Recoiling from a lengthy court fight with Kinetic Concepts Inc, medical instruments firm Medela has filed a petition in the Supreme Court calling for judges, rather than juries, to rule on obviousness cases.
Medela argues that 'widely varying legal rationales' confronting lay juries in patent cases make for outcomes detached from 'valid reasoning'. The company's bid for systemic change follows its failure this year to prove obviousness on appeal, after Kinetic alleged that Medela had infringed on its patented wound-therapy gauze.
'One of the most important conditions for patent validity is the requirement set forth in [Section 103(a) of the US Patent Act] that a claimed invention must have been "non-obvious subject matter" at the time of its making by a patent applicant,' says Medela's petition.
As such, it is asking the Supreme Court to rule on the question of: 'Whether a person accused of patent infringement has a right to independent judicial, as distinct from lay jury, determination of whether an asserted patent claim satisfies the "non-obvious subject matter" condition for patentability.'
Filed on Medela's behalf by high-profile IP lawyer James Dabney – who took KSR v Teleflex to the Supreme Court in 2007 – the petition fills out the background of lay jury involvement in patent suits. It recounts that, from 1982, 'appeals from judgments in civil actions arising under federal patent law were diverted from the regional circuits to a then newly-created … Court of Appeals for the Federal Circuit [CAFC].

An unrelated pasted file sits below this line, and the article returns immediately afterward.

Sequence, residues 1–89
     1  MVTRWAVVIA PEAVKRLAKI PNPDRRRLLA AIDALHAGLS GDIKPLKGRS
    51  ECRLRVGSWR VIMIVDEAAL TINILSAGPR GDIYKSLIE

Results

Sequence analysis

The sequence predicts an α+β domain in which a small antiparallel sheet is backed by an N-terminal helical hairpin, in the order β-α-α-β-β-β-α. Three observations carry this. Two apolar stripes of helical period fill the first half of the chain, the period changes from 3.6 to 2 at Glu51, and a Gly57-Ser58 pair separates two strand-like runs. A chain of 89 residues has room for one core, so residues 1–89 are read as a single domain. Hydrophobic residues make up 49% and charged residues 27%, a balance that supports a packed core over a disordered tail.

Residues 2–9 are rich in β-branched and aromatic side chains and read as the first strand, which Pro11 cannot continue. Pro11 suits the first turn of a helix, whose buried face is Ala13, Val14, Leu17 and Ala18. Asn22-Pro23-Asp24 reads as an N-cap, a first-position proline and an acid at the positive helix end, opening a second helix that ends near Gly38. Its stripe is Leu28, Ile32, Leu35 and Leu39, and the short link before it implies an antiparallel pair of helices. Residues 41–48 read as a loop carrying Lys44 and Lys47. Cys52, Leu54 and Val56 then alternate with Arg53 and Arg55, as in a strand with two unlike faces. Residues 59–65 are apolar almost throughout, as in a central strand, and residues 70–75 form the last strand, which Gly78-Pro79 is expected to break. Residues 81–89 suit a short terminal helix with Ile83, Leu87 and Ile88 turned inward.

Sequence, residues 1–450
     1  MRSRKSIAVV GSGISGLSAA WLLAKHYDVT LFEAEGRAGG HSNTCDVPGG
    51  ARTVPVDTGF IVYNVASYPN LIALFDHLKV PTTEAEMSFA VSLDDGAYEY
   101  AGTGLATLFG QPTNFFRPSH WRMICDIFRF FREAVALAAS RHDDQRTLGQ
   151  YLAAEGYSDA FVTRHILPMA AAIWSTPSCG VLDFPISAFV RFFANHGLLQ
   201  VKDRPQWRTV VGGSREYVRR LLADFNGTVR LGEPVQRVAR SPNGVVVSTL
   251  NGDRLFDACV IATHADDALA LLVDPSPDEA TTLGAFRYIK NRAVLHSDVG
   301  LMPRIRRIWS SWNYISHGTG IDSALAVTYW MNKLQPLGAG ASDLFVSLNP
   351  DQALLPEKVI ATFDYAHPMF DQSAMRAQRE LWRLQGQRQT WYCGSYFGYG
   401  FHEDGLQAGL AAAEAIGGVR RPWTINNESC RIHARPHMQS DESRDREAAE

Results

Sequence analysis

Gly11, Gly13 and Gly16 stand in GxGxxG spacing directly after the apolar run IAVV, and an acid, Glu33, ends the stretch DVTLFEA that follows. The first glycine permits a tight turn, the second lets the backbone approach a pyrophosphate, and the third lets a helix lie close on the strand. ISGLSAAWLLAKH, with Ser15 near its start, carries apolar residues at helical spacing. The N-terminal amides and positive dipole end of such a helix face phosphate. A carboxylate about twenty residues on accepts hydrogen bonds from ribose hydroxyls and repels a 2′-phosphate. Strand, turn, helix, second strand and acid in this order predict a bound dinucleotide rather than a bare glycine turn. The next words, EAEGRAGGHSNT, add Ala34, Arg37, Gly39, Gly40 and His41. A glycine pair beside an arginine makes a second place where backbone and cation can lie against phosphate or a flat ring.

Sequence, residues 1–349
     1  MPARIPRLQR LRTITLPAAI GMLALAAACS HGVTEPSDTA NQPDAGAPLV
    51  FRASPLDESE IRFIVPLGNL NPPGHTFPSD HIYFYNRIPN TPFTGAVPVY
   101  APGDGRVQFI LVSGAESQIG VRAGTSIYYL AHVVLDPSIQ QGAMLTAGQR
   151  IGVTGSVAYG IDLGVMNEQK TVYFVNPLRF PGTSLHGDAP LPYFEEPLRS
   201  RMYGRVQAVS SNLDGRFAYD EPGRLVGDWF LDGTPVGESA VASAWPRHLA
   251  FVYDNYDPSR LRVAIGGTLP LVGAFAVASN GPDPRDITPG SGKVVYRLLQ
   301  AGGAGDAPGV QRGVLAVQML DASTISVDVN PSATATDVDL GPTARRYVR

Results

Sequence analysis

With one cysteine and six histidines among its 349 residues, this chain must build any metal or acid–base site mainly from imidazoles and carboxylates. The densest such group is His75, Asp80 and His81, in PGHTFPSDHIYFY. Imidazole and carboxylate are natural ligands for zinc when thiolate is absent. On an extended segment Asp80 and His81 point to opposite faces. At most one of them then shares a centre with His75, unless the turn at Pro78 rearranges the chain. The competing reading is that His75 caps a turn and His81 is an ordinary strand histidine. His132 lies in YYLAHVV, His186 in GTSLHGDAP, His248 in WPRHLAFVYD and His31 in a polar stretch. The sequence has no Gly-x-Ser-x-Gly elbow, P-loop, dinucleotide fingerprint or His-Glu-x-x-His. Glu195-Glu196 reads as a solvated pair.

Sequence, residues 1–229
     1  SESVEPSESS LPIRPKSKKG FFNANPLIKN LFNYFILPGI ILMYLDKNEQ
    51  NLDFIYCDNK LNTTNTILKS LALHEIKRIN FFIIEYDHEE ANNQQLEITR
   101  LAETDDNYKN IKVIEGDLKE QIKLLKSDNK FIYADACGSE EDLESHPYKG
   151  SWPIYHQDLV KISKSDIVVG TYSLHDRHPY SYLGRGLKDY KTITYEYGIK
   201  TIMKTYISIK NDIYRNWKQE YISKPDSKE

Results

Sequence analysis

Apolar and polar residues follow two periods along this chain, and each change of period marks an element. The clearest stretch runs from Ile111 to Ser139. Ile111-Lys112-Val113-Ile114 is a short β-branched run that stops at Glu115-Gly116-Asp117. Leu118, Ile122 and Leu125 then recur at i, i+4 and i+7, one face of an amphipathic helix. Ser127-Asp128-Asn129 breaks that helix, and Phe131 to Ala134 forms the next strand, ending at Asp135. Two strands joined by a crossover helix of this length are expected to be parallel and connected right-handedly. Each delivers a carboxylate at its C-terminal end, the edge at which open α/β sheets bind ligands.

'In sharp contrast with Seventh and Ninth Circuit precedent,' adds the document, 'the Federal Circuit took the position that lay juries can render verdicts that preclude independent judicial determination of the ultimate question of patent validity under Section 103 [petition's emphasis]'.
While Medela credits the Federal Circuit for acknowledging that a test of obviousness may rest on a host of variables, it argues that the Circuit's means of addressing this, via post-trial or post-appeal reviews of jury decisions, is unsatisfactory. According to the petition, these reviews – which re-create the facts of a case in the form that the jury may have interpreted them – determine only 'whether such hypothetical facts would be sufficient to support a legal conclusion of validity on any theory [petition's emphasis]'.
Medela argues that, in practice, the effect of this 'is to eliminate any requirement that valid reasoning or analysis' will back a legal determination on obviousness. The petition's future at the Supreme Court has yet to be decided.
The action coincides with a move by the US Patent and Trademark Office (USPTO) to issue interim guidance on patentable subject matter to its examiners. The USPTO says that the guidance is a direct reaction to questions posed by Bilski, admitting that the state of the law over subject matter eligibility 'is in flux'. Aiming to steer examiners towards the legal basics, the guidance reinforces central tenets of eligibility, such as the classic categories of Process, Machine, Manufacture and Composition of Matter.